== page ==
Keith Hackett, the former head of referees in England, has said Premier League referees are not good enough, the VAR system is not fit for purpose and the domestic game has “lost the plot” over handball.
Hackett, who was a top-flight referee until 1994, said that while VAR needs to be examined, officials on the pitch need to look at themselves too. “The standard of refereeing has fallen,” said the former general manager of the Professional Game Match Officials Board (PGMOL).
“It is run like an old boys’ club now. There is no accountability. These guys are not amateurs, they are getting six-figure wages – you have to deliver. They are producing better referees in Europe. You get three or four key refereeing errors per weekend in the Premier League now. The standard is not good enough.
“When you start to penalise accidental handball, we have lost the plot. Handball should be deliberate to gain control, movement of hand to ball or to stop an attack. VAR is not at fault in this case, it is the laws.”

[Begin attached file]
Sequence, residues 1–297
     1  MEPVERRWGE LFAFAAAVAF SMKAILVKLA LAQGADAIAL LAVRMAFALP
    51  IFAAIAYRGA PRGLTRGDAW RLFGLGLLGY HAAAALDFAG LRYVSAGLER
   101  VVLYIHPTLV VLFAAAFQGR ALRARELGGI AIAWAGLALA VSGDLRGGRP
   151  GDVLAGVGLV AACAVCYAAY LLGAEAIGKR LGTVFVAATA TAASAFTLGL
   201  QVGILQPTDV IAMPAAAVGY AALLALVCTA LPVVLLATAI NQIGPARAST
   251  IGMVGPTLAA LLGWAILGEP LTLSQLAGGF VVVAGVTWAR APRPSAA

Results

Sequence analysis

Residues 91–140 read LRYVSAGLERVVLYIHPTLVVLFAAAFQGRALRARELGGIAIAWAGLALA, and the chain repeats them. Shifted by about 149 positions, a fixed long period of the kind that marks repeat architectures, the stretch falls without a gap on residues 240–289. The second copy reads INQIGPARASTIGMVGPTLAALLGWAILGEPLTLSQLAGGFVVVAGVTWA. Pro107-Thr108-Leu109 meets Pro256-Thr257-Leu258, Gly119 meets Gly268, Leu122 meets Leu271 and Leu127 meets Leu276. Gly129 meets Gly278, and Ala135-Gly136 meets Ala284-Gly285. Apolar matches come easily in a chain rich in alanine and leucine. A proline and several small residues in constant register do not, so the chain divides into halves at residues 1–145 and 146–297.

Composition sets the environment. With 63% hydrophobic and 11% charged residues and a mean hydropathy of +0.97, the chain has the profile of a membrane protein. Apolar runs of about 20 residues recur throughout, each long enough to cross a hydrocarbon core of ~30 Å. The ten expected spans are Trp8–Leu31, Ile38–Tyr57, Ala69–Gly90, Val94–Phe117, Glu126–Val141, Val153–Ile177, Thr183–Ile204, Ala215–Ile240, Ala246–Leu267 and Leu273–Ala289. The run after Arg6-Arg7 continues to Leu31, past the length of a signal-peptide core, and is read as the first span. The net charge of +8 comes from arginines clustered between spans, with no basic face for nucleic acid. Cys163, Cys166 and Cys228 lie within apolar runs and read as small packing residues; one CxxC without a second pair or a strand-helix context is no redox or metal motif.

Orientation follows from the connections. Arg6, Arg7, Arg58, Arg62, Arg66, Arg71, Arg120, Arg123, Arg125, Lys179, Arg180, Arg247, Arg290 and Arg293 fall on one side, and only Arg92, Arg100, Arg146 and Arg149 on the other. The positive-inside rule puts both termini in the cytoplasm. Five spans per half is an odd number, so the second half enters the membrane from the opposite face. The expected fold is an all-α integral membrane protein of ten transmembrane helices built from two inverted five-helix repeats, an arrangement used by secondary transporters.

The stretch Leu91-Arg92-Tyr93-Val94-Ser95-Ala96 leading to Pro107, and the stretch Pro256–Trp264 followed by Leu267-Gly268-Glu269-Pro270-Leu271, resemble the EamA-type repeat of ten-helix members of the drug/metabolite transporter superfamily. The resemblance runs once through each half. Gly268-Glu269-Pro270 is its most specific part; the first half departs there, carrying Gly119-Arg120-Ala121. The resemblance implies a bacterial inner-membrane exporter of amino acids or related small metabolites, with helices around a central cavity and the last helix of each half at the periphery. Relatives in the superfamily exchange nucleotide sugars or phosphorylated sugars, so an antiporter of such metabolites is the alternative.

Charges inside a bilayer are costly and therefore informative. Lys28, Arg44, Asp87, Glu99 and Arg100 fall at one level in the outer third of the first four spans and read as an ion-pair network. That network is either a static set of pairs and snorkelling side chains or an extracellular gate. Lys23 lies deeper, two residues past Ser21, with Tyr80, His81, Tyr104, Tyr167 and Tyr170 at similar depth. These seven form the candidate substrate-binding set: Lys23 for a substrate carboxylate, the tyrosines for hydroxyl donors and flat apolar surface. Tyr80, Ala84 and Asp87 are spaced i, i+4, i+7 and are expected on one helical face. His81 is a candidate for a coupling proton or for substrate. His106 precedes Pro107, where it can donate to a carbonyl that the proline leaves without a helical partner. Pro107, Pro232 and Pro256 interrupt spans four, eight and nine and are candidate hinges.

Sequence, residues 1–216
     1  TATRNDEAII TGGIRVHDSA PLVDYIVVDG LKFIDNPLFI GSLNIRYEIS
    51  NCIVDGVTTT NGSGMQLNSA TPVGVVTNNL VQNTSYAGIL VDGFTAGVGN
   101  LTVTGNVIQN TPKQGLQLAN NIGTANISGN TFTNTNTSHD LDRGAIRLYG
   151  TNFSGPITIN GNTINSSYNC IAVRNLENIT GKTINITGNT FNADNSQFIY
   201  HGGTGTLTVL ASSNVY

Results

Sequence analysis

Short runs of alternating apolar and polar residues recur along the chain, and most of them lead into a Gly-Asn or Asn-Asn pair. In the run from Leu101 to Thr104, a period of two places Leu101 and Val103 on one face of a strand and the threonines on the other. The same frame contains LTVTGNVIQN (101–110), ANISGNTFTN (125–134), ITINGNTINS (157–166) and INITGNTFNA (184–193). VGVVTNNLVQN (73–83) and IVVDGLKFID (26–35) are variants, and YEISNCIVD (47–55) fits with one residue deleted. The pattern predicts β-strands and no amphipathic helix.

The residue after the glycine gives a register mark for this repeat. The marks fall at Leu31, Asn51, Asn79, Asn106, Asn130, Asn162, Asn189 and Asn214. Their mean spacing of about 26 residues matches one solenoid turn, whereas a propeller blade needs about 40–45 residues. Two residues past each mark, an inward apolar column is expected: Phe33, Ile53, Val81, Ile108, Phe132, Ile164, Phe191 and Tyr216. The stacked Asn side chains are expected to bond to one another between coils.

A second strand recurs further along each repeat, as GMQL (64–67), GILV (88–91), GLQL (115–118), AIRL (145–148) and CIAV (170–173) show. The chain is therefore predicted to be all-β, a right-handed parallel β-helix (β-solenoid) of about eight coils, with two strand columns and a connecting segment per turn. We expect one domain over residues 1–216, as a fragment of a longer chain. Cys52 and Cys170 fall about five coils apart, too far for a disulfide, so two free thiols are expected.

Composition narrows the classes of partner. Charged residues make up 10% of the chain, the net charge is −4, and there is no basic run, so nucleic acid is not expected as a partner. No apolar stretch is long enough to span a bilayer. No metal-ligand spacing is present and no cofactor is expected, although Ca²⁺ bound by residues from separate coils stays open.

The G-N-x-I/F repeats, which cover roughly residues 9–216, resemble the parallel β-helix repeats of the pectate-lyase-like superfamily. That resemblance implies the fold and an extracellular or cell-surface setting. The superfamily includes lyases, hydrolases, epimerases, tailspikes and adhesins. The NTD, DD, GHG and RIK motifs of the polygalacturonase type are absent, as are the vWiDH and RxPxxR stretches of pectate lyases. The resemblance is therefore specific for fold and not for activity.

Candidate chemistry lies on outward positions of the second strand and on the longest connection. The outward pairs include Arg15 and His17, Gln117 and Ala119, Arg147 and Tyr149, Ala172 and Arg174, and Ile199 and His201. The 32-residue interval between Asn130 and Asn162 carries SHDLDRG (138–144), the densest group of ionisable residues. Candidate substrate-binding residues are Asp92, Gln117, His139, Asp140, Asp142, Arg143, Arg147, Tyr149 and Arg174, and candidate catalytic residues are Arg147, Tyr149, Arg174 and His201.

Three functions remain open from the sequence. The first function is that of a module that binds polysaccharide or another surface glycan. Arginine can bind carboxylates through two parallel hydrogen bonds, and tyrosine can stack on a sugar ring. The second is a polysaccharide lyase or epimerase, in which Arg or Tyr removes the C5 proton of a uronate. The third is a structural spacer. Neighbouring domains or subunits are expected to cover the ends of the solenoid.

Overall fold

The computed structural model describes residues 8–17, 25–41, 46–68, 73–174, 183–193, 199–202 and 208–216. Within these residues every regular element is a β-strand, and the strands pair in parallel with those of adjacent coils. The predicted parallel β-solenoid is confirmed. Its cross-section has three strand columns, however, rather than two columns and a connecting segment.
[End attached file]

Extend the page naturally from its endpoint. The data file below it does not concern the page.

In additional to calling for a review of PGMOL’s operations, Hackett criticised the standard of VAR equipment and the way it has been used in the Premier League. “We got VAR wrong from the word go,” he said.
“With goal-line technology, cameras around each goal are operating at 500 frames per second. With VAR, the technology is operating at 50 frames per second. That is not enough. We should be talking to the manufacturers – the equipment has to be better.”
Recent decisions in top-flight games have fired further debate over handball and offside laws. Against Crystal Palace, Leeds’s Patrick Bamford was ruled offside after extending his arm to point to where he wanted the ball played. “With the Bamford scenario, you don’t want a law that acts as a defender, helping to rule out goals,” Hackett said.
“The law has to change on offside. Give the benefit of the doubt to the attacker and write the law to accommodate that. If that means daylight between last defender and attacker, then so be it. Do away with the [dotted] lines and leave it in the hands of a well-trained VAR. Why are we making it too complex?”
“We are sanitising a match into a technical game. It is not about entertainment, it is not about flair. Make it less complicated and make VARs specialists, not just referees doing that job. Then we might see a difference.”